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  • Active listening Communication technique that requires the listener to feed back what is heard by restating or paraphrasing; to confirm what was heard and to confirm the understanding of both parties.

  • Athlete-centered care Providing individualized care to an athlete.

  • Empathy Being sensitive to and vicariously experiencing the feelings, thoughts, or motives of another person.

  • Help-seeking Involves the willingness to ask for assistance from identified resources, such as those with whom athletes feel comfortable seeking help and advice.

  • Matching hypothesis Involves matching the available social support to the social support needs of the athlete.

  • Rapport The harmonious or synchronous relationship of two or more people who relate well to each other.

  • Self-efficacy Confidence in one's ability to perform a particular task in a specific situation.

  • Social support Includes the feeling or sense of being supported by others, the act of supporting others, and social integration.

  • Sport ethic Socially defined criteria for consideration as an athlete in competitive sports.



After reading this chapter, you will be able to:

  1. Identify and describe types of social support.

  2. Describe the relationships between help-seeking tendencies and social support.

  3. Explain the importance of matching athletes' social support needs with the provision of social support.

  4. Describe the role the athletic trainer plays in the provision of social support.

  5. Explain the importance of educating athletes, their parents/guardians, and others regarding their injury condition to enhance the athletes' well-being.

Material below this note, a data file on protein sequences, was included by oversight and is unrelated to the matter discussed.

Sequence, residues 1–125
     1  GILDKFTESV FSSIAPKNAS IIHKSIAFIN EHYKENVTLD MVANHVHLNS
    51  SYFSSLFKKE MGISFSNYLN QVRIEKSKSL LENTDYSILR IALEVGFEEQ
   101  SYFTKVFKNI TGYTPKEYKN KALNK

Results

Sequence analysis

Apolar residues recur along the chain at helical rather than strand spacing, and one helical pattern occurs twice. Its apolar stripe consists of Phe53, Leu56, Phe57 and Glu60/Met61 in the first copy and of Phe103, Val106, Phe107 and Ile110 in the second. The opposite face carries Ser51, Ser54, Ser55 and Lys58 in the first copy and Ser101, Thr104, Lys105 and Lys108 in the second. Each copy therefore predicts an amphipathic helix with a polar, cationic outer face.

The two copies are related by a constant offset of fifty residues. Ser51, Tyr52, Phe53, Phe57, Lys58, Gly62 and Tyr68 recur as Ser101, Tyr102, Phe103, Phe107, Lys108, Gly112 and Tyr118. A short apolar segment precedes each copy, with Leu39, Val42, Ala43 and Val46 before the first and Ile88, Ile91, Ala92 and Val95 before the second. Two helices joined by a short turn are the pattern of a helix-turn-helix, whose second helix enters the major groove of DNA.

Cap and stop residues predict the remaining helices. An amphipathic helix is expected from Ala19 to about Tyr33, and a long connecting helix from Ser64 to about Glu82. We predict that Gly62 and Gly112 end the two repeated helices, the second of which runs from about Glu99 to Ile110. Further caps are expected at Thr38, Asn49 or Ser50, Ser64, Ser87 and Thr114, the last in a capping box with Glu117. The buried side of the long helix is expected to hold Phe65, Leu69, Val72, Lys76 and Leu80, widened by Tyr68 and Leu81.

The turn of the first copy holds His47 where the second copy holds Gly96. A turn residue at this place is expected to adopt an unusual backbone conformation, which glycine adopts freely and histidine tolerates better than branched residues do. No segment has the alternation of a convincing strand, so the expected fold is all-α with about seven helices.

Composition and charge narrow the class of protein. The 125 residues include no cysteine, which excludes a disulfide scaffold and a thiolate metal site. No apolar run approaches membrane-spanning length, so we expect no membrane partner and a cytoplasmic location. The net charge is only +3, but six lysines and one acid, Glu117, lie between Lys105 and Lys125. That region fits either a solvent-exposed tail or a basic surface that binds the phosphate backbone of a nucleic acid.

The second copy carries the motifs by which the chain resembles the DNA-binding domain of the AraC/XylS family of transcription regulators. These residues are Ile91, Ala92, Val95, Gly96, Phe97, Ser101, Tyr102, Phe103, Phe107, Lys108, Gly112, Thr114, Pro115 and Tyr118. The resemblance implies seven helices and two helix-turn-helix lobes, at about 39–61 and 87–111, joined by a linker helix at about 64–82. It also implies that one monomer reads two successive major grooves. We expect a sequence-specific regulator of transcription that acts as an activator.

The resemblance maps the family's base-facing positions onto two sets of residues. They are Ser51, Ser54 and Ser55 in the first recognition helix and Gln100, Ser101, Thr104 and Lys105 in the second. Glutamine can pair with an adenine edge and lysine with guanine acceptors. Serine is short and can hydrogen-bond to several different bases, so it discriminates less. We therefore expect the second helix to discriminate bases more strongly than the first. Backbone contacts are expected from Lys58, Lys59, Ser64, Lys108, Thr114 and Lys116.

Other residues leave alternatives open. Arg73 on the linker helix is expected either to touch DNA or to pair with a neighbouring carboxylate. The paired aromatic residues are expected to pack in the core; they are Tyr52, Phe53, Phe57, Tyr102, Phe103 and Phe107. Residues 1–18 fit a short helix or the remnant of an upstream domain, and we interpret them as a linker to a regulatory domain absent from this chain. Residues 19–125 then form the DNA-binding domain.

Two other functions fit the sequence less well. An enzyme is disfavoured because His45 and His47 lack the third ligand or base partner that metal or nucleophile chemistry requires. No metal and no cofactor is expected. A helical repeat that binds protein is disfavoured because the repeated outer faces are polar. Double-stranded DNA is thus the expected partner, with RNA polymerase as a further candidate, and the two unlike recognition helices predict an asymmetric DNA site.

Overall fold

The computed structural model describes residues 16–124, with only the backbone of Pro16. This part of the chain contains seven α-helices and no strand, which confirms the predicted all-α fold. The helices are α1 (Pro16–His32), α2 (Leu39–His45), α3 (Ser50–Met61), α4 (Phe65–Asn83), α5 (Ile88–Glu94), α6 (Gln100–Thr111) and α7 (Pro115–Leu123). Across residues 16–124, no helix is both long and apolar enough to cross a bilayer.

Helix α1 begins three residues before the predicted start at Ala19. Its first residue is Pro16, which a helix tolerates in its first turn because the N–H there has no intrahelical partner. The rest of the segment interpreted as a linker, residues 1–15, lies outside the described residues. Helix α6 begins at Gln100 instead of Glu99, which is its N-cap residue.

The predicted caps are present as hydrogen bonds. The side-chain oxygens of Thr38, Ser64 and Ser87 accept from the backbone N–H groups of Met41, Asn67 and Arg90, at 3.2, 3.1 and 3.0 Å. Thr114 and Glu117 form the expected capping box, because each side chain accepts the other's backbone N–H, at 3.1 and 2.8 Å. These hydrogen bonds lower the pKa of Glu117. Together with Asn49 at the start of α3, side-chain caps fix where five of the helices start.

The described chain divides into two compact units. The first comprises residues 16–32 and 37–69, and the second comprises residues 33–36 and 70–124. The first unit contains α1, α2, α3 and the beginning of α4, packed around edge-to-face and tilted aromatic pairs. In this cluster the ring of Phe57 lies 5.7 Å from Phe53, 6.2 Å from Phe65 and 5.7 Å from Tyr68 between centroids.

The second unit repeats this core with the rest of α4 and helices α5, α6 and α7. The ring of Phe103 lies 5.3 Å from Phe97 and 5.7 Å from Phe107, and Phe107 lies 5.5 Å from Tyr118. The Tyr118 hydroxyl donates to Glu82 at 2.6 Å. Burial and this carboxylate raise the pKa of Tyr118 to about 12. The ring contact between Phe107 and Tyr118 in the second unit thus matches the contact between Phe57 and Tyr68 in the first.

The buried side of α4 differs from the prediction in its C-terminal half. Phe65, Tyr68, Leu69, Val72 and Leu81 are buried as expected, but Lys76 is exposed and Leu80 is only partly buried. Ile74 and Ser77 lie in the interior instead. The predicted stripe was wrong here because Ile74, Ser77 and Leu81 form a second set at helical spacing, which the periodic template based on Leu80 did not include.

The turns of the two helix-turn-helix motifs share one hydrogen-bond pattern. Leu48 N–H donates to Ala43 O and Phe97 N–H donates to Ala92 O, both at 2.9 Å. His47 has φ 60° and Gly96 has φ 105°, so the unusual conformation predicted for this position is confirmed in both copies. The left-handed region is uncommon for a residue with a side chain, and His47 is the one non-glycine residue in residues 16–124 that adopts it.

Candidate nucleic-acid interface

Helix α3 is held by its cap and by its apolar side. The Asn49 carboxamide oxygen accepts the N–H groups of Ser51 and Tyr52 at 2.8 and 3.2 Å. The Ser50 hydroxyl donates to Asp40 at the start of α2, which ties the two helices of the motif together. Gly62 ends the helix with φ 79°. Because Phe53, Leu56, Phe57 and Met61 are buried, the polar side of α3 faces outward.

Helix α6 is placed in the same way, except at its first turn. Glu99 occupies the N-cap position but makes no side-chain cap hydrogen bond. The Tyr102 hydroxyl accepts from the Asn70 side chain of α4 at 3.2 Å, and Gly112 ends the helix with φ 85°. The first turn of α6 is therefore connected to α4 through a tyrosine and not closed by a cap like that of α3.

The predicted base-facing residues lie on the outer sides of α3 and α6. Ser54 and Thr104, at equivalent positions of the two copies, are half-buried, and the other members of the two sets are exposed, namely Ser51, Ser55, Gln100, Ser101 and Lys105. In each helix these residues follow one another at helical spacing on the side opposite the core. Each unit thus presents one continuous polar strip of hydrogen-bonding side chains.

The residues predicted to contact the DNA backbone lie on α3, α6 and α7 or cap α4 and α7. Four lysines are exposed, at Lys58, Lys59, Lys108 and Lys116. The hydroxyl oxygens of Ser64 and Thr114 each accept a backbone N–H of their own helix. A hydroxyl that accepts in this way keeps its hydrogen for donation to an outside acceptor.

6. Implement psychosocial strategies into athlete care before and after injury to enhance the athlete's perception and availability of social support.


Kate is competing in her freshman season of collegiate soccer when she experiences a torn anterior cruciate ligament. Kate moved across the country to the Southeastern United States to attend school and to play NCAA Division II soccer. Although she has made friends with teammates and classmates, and is familiar with the athletic training staff through their regular interactions and from her coursework, her family and friends with whom she is most comfortable are on the West Coast. To complicate things, her insurance requires her to have the surgery performed in her hometown for it to be covered, which requires significant logistical considerations by all involved. Fortunately, winter break is approaching, and her surgery is scheduled during her trip home for the holidays. Upon her return to campus, she is adherent to her rehabilitation plan and often finds herself doing rehabilitation at the same time as a baseball player who is returning from an ulnar collateral ligament reconstruction surgery (also known as Tommy John surgery). They become "rehab buddies" of sorts, as they find themselves working next to each other day after day and week after week.


Athletic trainers, particularly in the more traditional athletic settings, have the significant advantage of being able to get to know the ...

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